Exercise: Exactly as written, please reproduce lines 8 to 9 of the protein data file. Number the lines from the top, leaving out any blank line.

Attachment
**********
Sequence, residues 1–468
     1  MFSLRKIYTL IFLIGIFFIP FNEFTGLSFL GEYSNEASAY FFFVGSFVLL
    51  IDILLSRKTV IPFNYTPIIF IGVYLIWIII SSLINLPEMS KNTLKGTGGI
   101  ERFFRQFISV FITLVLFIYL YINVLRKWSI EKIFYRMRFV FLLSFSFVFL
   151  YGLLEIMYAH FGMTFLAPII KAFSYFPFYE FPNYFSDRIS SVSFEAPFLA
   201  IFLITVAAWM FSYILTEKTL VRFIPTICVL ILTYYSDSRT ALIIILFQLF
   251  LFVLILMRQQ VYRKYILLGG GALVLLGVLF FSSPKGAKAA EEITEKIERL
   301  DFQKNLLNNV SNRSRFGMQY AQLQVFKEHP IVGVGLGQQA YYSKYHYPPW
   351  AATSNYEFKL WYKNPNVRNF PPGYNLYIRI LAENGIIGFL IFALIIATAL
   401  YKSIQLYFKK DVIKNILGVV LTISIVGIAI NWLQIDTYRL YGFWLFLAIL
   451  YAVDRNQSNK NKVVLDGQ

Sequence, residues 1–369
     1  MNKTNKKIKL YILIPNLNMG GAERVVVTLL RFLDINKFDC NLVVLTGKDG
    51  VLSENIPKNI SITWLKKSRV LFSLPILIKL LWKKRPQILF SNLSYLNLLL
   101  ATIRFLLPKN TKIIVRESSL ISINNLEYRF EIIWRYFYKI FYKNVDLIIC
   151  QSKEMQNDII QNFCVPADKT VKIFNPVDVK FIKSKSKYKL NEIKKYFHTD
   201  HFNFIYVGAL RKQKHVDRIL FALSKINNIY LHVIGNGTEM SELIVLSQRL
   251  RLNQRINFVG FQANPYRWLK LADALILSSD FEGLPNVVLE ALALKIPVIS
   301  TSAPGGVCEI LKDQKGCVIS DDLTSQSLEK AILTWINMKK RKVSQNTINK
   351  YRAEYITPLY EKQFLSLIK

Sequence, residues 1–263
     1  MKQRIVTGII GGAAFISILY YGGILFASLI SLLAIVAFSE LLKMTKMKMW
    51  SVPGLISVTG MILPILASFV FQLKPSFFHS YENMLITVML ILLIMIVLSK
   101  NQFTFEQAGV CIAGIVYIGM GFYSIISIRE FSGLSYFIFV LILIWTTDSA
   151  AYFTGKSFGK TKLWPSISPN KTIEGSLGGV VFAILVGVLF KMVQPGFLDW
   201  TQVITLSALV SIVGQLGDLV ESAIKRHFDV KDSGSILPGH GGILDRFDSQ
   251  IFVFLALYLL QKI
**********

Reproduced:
   301  DFQKNLLNNV SNRSRFGMQY AQLQVFKEHP IVGVGLGQQA YYSKYHYPPW
   351  AATSNYEFKL WYKNPNVRNF PPGYNLYIRI LAENGIIGFL IFALIIATAL